Nokia Plan I - 20 Jul 2011
Nokia has now made the necessary changes into its products and
organization. With the introduction of its first and unfortunately its
last but very impressive Meego phone, Nokia will miss the opportunity to
make it into a product line, because of
letting all the Meego people go, and focusing on Windows.
So, we only need to wait for the
Windows Phones to kick in? This will take some time, however. The
Windows Phone 7 is also limited with some of its functionality, e.g. it can
only support cameras up to 8 Mpixel.
In the mean time, we want to share some preliminary info
about the upcoming results for Q2 and Q3 of 2011. According to our
collected information, the Q2 has been
really bad, and on Q3 the Symbian market share is expected to seriously plunge.
Nokia's only substantial profit currently comes from the S30/S40
phones, and they have also been hit hard in that category by the
Nokia's best phone selling time has always been Q4, and we should not focus on
the very bad Q2 and Q3, but rather put all of the focus on Q4. Will Nokia have
enough of the high-end products to sell for the Christmas time? The Meego
phone and the first Windows Phone will most likely be ready for Q4.
However, it looks like to be very difficult to convince the customers to adopt the Windows
Phone, when there are more lucrative Android phones available for a
lower price range. Our firm belief is that Nokia will recover,
but this will happen in H2 2012, when they get their portfolio into a
better shape with more phone models.
Nokia Plan I - 16 Feb 2011
Here is a suggestion for Nokia about what to do. However, let's first go back a
few years to see what happened there...
Nokia was developing their mobile sites and Club Nokia to sell content
to the phones. The download codes were more successful, and Club Nokia
was closed in 2003. The business was just
getting profitable, when the management pulled the plug. The reason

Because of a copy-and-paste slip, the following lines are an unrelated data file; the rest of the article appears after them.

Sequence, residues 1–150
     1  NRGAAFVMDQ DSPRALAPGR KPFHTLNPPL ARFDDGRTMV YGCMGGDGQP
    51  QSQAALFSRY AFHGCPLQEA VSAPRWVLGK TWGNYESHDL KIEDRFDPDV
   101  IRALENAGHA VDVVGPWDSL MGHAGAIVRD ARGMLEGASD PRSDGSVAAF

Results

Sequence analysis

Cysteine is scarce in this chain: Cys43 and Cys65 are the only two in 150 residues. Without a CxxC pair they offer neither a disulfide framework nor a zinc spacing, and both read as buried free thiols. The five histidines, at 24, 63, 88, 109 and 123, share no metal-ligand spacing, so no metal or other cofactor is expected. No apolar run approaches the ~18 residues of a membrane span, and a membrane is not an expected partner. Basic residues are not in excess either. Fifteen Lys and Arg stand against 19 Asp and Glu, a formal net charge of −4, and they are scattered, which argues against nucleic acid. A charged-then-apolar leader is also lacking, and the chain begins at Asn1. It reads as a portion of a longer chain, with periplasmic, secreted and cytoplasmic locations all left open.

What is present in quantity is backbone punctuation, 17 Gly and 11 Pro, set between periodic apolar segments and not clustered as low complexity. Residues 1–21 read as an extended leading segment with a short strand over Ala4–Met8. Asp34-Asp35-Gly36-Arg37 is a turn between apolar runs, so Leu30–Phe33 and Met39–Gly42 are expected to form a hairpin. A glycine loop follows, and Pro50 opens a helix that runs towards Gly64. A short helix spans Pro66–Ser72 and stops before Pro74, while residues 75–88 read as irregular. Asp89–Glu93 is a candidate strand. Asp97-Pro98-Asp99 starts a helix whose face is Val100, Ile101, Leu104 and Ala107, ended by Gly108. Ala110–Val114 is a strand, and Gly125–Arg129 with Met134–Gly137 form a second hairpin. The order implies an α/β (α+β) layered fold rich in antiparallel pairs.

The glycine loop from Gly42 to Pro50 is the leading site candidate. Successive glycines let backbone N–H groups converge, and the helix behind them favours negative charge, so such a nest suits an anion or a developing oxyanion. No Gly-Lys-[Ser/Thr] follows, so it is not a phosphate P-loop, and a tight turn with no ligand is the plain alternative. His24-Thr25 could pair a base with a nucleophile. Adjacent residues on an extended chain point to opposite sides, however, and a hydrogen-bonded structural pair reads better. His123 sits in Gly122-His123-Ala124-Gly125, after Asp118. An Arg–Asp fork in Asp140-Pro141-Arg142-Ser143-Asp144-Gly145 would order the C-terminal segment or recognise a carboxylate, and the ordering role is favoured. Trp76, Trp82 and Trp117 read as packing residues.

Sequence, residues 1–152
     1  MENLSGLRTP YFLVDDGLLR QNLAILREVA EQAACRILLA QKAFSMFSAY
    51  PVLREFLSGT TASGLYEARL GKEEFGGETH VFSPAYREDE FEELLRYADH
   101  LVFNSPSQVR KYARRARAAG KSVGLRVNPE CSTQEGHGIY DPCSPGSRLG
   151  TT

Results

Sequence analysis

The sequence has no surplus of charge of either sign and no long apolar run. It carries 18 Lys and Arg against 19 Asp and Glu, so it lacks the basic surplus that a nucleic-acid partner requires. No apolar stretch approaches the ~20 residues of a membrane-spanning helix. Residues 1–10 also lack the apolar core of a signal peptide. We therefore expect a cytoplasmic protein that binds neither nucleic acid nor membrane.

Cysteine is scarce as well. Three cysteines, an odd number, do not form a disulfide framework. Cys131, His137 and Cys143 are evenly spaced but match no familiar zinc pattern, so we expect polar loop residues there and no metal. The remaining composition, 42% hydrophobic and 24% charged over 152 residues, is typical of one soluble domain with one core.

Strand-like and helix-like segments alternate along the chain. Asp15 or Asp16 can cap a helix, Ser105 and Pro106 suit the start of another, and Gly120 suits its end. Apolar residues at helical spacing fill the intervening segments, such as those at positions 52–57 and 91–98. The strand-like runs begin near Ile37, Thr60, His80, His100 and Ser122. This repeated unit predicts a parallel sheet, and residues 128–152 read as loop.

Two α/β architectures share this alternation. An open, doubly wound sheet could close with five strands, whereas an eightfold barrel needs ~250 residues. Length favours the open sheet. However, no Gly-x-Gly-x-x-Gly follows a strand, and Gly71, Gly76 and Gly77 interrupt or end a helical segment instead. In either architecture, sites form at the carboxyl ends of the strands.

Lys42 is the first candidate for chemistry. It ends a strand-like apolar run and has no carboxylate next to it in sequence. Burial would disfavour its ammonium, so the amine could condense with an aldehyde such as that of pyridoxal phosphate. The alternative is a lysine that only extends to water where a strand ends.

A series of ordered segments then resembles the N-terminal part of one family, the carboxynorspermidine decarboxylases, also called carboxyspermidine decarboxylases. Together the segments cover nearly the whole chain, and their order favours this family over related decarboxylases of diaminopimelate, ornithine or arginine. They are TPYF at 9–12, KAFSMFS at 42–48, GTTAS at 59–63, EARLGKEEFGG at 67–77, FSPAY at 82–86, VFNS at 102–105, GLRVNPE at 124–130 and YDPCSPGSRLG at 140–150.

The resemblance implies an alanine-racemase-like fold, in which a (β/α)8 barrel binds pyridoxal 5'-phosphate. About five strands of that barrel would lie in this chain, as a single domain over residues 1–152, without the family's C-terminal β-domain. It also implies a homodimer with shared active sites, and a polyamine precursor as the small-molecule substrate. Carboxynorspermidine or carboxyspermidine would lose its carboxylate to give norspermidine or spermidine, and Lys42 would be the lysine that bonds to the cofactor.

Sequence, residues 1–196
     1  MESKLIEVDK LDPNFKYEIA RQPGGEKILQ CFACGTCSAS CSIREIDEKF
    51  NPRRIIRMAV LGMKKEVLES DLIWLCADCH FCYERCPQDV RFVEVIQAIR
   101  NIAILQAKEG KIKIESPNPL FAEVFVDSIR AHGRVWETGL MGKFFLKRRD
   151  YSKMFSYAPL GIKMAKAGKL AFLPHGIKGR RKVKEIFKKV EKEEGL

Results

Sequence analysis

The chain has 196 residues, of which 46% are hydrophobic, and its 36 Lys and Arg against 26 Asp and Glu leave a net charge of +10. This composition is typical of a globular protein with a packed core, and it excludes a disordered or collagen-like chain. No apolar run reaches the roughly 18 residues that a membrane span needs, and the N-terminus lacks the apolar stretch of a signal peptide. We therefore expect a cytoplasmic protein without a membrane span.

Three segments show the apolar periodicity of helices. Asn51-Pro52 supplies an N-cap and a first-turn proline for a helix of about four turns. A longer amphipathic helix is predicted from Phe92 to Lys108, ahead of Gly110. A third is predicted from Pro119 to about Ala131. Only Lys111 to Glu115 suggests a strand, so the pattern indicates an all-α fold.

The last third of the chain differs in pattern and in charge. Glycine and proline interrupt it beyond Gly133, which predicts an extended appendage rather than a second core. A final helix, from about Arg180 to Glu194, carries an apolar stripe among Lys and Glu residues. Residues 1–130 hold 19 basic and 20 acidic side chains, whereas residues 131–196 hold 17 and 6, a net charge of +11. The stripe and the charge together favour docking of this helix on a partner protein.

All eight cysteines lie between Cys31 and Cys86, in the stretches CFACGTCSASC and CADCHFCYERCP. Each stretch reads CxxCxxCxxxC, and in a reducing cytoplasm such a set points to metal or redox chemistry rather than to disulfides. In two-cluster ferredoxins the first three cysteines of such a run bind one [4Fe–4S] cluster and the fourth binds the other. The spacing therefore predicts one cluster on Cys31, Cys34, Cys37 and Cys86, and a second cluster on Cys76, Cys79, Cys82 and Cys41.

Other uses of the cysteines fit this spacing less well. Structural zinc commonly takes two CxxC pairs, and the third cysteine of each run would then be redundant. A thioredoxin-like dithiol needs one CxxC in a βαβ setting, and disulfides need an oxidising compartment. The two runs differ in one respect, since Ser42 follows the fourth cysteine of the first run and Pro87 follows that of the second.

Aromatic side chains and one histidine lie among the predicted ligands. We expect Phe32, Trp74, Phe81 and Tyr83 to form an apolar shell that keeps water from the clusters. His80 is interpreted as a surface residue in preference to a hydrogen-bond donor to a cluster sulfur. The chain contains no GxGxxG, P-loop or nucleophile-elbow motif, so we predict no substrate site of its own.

was that Nokia's market share started declining, so the management
wanted to stop all activities that threaten or seem to threaten the
operators' business - including the selling of downloadable content.
This very successful predecessor of the iPhone shop was teared down in
R&D had created an internal report stating that the Symbian Operating
System should be replaced
with Linux as soon as possible. Alledgedly the report listed several
issues and conerns about the Symbian OS. Symbian OS was originally not designed
for a modular approach, and there was serious concern about its
capability to perform in a complex environment. In the meantime the
Symbian OS software team was growing in the numbers. Finally it got so
large and influential that it became larger than life. It was able to
obtain all the necessary resources it might require. However, there were some
irritating voices speaking on behalf of the Linux OS. So, the Symbian
OS team hired a resource to fight it off with BSD. The job of this BSD
fighter was to battle the Linux people and give the working space for
Symbian to focus on its growth. The right course of action at this
point would have been to outspin the Symbian OS software unit into a
separate company, but the management was unable to see or do this. The
Symbian OS unit was the master of the company.
New CEO, Mr. Stephen Elop is chosen for Nokia. He coming from
Microsoft realizes that Nokia will need a fully functional operating
system as soon as possible. Microsoft Windows Mobile is his obvious
choice. Convincing the board of directors requires time, but finally
they agree to the CEO's persuasion with devastating results on the
As everyone has already pointed out, the cooperation has huge risks
for Nokia and only upside potential for Microsoft. So far Nokia was
paying for the Symbian OS development, and now when moving to use
Microsoft Windows, guess who again will be the only company paying for
the OS development. Even though Microsoft has deep pockets, and has
paid all the OS development so far, there is little belief that MS
will continue sinking huge sums into the Windows development. They now
have a wealthy paying customer. Also, how does this MS case differ
from using Android? Nokia will be a device manufacturer in either
case. Then, about the mobile advertizing income. If MS does not have
mobile advertizing customers, then it will be veri difficult to obtain
them. Nokia getting a portion of little money is even less little money.
Nokia could use the MS Windows in some of its models if an operator is
specifically requesting the Windows OS. Nokia has always wanted to be
in the business that grows faster than the average market. Ring any
bells which OS is growing faster than the market. At this point it
seems that Nokia believes it can still dominate the market and
therefore has become larger than life.
Updates will be added soon...
Sources and disclaimer
This article is based on the interviews and views of the former Nokia employees and
might contain some inaccuracies. However, the information here is
believed to be true.